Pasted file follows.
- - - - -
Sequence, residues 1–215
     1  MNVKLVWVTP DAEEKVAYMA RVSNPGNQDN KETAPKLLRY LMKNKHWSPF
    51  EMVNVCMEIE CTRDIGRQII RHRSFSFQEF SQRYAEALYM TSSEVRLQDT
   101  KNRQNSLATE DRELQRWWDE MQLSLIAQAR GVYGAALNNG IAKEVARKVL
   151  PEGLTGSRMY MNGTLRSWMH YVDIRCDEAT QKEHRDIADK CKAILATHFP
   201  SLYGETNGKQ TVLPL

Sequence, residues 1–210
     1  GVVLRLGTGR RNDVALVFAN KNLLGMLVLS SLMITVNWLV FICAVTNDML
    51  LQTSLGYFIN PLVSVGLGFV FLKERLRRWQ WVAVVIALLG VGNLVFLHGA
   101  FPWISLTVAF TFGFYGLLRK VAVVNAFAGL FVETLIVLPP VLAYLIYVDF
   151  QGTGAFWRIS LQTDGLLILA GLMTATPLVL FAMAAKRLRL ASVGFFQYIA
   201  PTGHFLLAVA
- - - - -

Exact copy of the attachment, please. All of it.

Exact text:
Sequence, residues 1–215
     1  MNVKLVWVTP DAEEKVAYMA RVSNPGNQDN KETAPKLLRY LMKNKHWSPF
    51  EMVNVCMEIE CTRDIGRQII RHRSFSFQEF SQRYAEALYM TSSEVRLQDT
   101  KNRQNSLATE DRELQRWWDE MQLSLIAQAR GVYGAALNNG IAKEVARKVL
   151  PEGLTGSRMY MNGTLRSWMH YVDIRCDEAT QKEHRDIADK CKAILATHFP
   201  SLYGETNGKQ TVLPL

Sequence, residues 1–210
     1  GVVLRLGTGR RNDVALVFAN KNLLGMLVLS SLMITVNWLV FICAVTNDML
    51  LQTSLGYFIN PLVSVGLGFV FLKERLRRWQ WVAVVIALLG VGNLVFLHGA
   101  FPWISLTVAF TFGFYGLLRK VAVVNAFAGL FVETLIVLPP VLAYLIYVDF
   151  QGTGAFWRIS LQTDGLLILA GLMTATPLVL FAMAAKRLRL ASVGFFQYIA
   201  PTGHFLLAVA